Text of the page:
You guys, this has been a doozy of a week.
First, we made a somewhat big announcement last Thursday. Also, today is my last day at my current job. (I know, I know, Justine changes jobs like most people change their Brita filters…moving on.) ALSO, we’re getting the keys for our new apartment this week.
All of that would have been enough to solidify a super busy week. And then two days ago my new job called and asked if I would be okay with them sending me to Belgium for job training. Sunday. As in, six days later. HA! Um…sure?
So now I can add “visit new country” to my March to-do list. Who knew?
SO anyway…have any of you ever been to Brussels? What should I do while I’m there?
I tell you what: There’s something about seeing how the other half lives.
This week, I’m working in my company’s San Francisco office. Instead of shelling out a zillion dollars on a hotel, I took a friend’s suggestion and opted for a much more affordable airbnb. I had never done airbnb before, but so far, I’m a fan. (As is my company’s finance department, I’m sure.)
Let me tell you a little bit about the apartment. It’s a one-bedroom in San Fran’s South of Market neighborhood. The entire south wall is windows. The living room is HUGE and opens up to the kitchen and a dining area, plus a desk nook. It has two gigantic closets. (The bedroom closet is a walk-in.) There’s a washer and dryer in the unit. It has a dishwasher and a sink disposal. The bathroom has the world’s largest tub.
Basically, I’m never leaving.
Because I dare to dream, last night I decided to look up the building to see if it was even in the realm of possibility that I could live there some day.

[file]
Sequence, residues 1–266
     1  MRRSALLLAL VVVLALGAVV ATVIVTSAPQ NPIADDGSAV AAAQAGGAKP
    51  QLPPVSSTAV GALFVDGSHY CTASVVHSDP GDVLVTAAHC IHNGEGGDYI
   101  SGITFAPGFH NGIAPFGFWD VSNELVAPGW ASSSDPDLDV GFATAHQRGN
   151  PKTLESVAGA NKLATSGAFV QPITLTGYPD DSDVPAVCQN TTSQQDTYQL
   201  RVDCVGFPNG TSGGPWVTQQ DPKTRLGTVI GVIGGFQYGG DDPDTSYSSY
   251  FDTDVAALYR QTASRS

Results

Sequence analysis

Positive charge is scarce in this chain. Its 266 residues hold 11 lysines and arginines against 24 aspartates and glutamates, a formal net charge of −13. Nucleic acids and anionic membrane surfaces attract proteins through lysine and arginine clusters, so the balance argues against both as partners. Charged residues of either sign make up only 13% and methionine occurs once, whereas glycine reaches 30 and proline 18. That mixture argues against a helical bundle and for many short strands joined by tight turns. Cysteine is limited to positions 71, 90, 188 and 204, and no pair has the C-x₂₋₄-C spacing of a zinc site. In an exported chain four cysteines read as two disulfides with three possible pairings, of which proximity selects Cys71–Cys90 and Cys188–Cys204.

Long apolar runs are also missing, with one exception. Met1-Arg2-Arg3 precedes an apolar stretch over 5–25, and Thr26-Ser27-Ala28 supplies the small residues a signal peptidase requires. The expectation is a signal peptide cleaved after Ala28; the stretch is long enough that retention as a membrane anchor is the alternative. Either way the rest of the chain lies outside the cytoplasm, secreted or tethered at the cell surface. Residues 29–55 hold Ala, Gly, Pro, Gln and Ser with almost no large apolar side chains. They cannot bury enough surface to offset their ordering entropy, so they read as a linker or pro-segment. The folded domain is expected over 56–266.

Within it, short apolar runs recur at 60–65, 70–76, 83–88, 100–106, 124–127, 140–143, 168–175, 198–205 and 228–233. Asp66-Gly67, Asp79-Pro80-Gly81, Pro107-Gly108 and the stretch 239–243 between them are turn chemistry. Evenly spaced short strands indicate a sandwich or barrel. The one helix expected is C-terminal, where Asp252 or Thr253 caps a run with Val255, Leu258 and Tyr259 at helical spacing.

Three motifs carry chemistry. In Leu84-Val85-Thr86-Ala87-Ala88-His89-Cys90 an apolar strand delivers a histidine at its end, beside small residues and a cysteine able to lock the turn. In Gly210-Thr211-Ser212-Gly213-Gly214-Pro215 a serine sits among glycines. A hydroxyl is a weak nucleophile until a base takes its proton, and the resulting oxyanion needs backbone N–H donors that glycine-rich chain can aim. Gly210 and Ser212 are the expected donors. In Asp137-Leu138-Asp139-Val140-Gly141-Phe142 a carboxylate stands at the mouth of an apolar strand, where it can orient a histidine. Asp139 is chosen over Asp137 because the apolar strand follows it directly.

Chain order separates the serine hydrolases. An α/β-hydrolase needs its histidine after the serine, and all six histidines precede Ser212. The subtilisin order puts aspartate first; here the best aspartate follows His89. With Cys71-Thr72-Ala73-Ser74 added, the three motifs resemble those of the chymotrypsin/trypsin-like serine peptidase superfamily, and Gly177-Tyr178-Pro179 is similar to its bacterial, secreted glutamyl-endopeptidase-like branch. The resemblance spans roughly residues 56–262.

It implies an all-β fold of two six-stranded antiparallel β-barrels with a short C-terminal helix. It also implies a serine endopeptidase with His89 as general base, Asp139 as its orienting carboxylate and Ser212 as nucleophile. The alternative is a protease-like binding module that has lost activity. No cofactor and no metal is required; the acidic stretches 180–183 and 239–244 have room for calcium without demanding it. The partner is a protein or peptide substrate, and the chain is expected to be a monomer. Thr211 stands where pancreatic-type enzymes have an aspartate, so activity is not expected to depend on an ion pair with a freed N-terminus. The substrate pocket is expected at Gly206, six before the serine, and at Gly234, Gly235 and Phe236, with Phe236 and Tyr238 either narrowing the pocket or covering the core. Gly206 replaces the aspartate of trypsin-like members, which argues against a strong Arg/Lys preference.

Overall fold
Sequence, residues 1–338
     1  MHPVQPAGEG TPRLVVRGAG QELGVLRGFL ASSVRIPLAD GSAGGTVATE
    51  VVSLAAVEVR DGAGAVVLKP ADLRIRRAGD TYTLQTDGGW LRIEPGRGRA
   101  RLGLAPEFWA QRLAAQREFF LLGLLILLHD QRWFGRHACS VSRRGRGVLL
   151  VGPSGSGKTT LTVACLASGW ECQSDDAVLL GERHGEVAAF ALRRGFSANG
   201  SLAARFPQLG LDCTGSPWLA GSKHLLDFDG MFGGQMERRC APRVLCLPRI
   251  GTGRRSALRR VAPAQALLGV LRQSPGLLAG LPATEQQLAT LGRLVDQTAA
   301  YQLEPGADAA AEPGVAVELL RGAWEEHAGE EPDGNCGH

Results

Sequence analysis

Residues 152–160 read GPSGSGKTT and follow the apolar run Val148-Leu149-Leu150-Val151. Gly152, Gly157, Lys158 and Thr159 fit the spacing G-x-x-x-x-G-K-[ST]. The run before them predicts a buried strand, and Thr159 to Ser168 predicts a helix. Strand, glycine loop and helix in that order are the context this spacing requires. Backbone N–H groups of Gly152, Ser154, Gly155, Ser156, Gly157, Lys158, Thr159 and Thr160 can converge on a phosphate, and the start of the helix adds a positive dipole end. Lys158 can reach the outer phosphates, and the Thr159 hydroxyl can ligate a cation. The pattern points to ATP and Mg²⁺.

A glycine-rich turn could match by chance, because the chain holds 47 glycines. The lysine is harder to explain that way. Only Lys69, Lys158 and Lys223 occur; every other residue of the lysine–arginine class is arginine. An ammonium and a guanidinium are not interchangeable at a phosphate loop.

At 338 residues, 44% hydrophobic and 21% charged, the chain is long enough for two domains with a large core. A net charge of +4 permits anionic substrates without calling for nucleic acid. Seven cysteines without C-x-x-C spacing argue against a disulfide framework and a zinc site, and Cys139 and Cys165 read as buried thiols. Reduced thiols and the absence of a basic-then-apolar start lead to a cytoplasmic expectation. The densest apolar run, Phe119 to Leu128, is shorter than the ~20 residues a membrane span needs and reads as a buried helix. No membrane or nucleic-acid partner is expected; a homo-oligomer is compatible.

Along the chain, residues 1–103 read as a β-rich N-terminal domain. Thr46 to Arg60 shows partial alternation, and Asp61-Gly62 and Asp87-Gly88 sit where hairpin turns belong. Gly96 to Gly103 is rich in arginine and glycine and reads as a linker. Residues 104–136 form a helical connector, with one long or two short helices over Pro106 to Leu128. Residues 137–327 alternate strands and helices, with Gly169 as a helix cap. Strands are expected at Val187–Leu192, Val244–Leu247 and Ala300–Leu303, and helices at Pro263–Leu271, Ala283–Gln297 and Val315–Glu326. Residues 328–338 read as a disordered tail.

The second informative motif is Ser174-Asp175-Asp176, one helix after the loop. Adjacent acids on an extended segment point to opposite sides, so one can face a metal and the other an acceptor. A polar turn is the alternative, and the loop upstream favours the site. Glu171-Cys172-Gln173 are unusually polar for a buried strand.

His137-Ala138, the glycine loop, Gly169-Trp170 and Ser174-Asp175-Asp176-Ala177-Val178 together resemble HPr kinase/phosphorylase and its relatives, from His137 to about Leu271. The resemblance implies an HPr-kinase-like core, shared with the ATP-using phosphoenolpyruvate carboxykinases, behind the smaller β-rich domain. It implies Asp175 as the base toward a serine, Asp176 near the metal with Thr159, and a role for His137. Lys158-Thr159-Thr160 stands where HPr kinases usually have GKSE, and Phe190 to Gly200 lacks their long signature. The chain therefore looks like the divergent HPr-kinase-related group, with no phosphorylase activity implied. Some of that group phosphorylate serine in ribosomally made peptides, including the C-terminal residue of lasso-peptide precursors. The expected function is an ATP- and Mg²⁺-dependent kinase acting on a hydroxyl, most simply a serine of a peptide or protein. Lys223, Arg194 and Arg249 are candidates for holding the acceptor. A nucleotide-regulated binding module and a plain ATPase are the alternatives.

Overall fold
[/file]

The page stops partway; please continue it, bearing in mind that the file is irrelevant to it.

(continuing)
Spoiler alert: It’s not.
A 1-bedroom runs at least $3,700. And the most devastating part? This isn’t even the owner’s primary home.
They actually live in Palo Alto, but the wife works a couple of days a month in the city designing stores for Anthropologie, and traffic is such a bother. So they bought a little pied-à-terre that they can let their kids use or stay in when they want to go to a restaurant in the city and not worry about driving home.
Life is hard, right?
So, bad news, I will never live here. Good news: I DO FOR NOW.
The California trip continues!
I’ll be the first to say that you should spend as much time in Big Sur as you can. As the name implies, it’s big. There are several state parks, plenty of places to camp or stay overnight, and so many incredible vistas that you could probably fill a week at least with to-dos. Our schedule, though, only had time for one day in Big Sur, so we did our best to make the most of it.
Tip: Print out paper directions to anything definitely want to see. Cell service is nonexistent through most of the drive, so you won’t be able to rely on a GPS.
Tuesday night, we drove from San Francisco to the Mariposa Inn & Suites in Monterey. The hotel was simple and clean, with a pool and a free breakfast in the morning. The next morning, we set out early to begin our trek.
Tip: Make sure you start out with a full tank of gas. There are loooong stretches on Highway 1 with exactly zero gas stations — the last thing you want is to get stuck with an empty tank. One full tank should get you the whole way through Big Sur, though.
First stop was Big Sur Bakery, which had been recommended to me by pretty much every person I told I was going to Big Sur. We got breakfast (eggs and greens on toast), but I’ve been told the dinner is also excellent.
Tip: This is also the last place to get good espresso before you get lost in the wilderness, so take advantage of the bustling coffee bar. I would also recommend getting a few baked goods for the road. (We opted for a pumpkin scone and a maple baon bowtie.)
After fueling up, we started our drive. There were a couple of things we wanted to see for sure (included below), but the main thing I would like to impress upon you is the importance of just stopping a lot and taking in your surroundings. This place? It is BEAUTIFUL. Like, stupid beautiful. You won’t even be able to believe it. It helped that we had the world’s most perfect weather, of course, but regardless, I truly believe California is the most gorgeous place on earth. Get OUT of the car and take it IN. Be the corny tourist on the side of the road taking deep breaths of the morning air and snapping a photo or two. It’s worth it.